FCS13. Addressing Violence Against Women FCS13.1 NATIONAL CLINICAL GUIDELINES (PROTOCOLS) FOR THE HEALTH SECTOR ON VIOLENCE AGAINST WOMEN DURING PREGNANCY IN LATIN AMERICA AND CARIBBEAN PAHO MEMBER COUNTRIES A. Han 1 , R. Aviles 2 , H. Macmillan 3,4 , A. Guedes 5 , D.E. Stewart 6,7 . 1 Brigham and Women’s Hospital, Division of Global Health Equity, Boston, Massachusetts, USA; 2 Toronto General Research Institute, Toronto, Ontario, Canada; 3 Department of Pediatrics, McMaster University, Hamilton, Ontario, Canada; 4 Department of Psychiatry, McMaster University, Hamilton, Ontario, Canada; 5 PAHO, Washington DC, USA; 6 University Health Network, Toronto, Ontario, Canada; 7 University of Toronto, Toronto, Ontario, Canada Objectives: Intimate partner violence during pregnancy (IPV-P) is highly prevalent in Latin America and the Caribbean (LAC) with poor obstetric-related outcomes. Health-care providers have been identified as likely the first and most trusted professional contact for survivors (2013 Responding to IPV and Sexual Violence against Women: WHO Clinical and Policy Guidelines). Evidence-based national guidelines can play an important role in informing health-care providers on how to respond to intimate partner violence and sexual violence against women. This presentation surveys the prevalence of national policies and clinical guidelines on violence in LAC against women during or associated with pregnancy. Method: Twenty-seven English, Spanish or Portuguese speaking countries were queried by email or telephone through PAHO focal points, internet searches, personal contacts or UN Women website. Results: Out of 27 countries we obtained 15 national policies on violence against women, all of which addressed physical, emotional and sexual violence. We also obtained 12 clinical guidelines, all of which mentioned the importance of privacy, confidentiality and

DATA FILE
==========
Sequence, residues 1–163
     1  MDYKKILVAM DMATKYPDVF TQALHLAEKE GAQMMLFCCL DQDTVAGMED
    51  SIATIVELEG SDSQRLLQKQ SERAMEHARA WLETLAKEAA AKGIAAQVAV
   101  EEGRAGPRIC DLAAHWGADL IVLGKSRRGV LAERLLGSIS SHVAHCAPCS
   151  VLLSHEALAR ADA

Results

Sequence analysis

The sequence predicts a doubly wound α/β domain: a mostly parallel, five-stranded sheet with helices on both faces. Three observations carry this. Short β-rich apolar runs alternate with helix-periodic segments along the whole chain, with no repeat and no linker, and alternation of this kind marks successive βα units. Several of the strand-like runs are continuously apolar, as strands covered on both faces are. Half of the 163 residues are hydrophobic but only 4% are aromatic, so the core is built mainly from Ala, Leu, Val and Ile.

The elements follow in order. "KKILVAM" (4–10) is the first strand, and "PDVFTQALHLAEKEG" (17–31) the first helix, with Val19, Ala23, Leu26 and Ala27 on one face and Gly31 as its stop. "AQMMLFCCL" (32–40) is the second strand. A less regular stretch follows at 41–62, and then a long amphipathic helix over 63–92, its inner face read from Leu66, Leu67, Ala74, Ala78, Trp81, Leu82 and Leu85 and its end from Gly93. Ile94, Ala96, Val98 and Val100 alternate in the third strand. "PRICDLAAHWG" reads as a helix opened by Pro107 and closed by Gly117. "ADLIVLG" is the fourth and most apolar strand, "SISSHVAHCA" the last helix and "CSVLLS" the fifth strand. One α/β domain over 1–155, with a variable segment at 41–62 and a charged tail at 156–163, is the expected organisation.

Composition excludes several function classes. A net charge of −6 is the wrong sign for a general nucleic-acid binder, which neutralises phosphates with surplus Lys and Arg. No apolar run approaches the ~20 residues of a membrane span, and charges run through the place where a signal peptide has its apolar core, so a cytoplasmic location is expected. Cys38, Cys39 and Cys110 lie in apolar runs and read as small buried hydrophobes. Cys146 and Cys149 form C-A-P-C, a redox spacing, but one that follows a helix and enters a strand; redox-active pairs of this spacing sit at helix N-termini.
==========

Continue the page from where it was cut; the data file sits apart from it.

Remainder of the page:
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safety, while 6 addressed violence during pregnancy. Topics associated with IPV were addressed by differing numbers of guidelines: documentation of the risk of pregnancy (8), emergency contraception within 5 days of sexual violence (8), referral for abortion (where legal) for unwanted pregnancy (4). In-service health-care training was mentioned in 6 guidelines but did not mention frequency, duration or many essential topics. Conclusions: It appears there are gaps in developing national policies and clinical guidelines on violence against women during and associated with pregnancy in LAC, including in the essential training of health-care providers. Notably only half of the obtained clinical guidelines included IPV-P. All PAHO member countries should develop and implement clinical guidelines (which include violence associated with pregnancy) reflecting the 2013 Responding to Intimate Partner Violence and Sexual Violence Against Women: WHO Clinical and Policy Guidelines. FCS13.2 MENTAL HEALTH OF SURVIVORS OF DOMESTIC VIOLENCE IN RURAL NORTHERN INDIA. A QUALITATIVE, INTERSECTIONAL APPROACH E. Gahleitner. Medical University of Vienna, Vienna, Austria Objectives: Domestic violence is a serious public health concern in India, having a devastating effect on women’s mental health. Due to socioeconomic factors, and gender discrimination rural women are marginalized and have negligible access to mental health care. It is therefore that the burden of mental disorders in rural survivors of domestic violence is presumably underrated, lacking adequat diagnosis and treatment facilities. This study aims to investigate the complex phenomenon of domestic violence on a community level by focusing on mental health in rural marginalized survivors of violence in district Kangra, Himachal Pradesh, North India, following a critical, intersectional approach. Method: A qualitative approach was used, primarily utilizing participative methods, foremost in-depth interviews with 23 women facing domestic violence. Additionally, stakeholders from nonprofit organizations, physicians and social workers were involved from the beginning. Written informed consent was obtained from every participant. Results: The overall findings indicate serious mental health challenges are present amongst rural marginalized women who face domestic violence. Mental health is found a neglected and stigmatized issue amongst survivors of domestic violence. The intersectional analysis highlights the simultaneous interaction of multiple forms of violence and underscores the need for including marginalized women’s voices and realities on the ground. Conclusions: It is therefore essential and indespensible to build on future strategies for community mental health care and develop a methodology for sustainable prevention of domestic violence. FCS13.3 PREVALENCE OF AND RISK FACTORS FOR DOMESTIC VIOLENCE AMONG PREGNANT WOMEN IN NIGERIA B. Olofinbiyi 1 , A. Akintayo 1 , B. Olagbuji 1 , I. Ade-Ojo 1 , A. Olaleye 2 . 1 Ekiti State University, Ado-Ekiti, Nigeria; 2 Babcock University, Inishan, Nigeria Objectives: To assess the assessed the prevalence, pattern and background factors precipitating domestic violence in a population of antenatal clinic attendees. Method: This was a cross-sectional questionnaire-based study. A structured questionnaire was used to assess pregnancy related violence among 439 patients during their postnatal visit between July and December 2012. Analysis was done using statistical software SPSS 17.0. Logistic regression was performed to assess the impact of factors that affect experience of violence.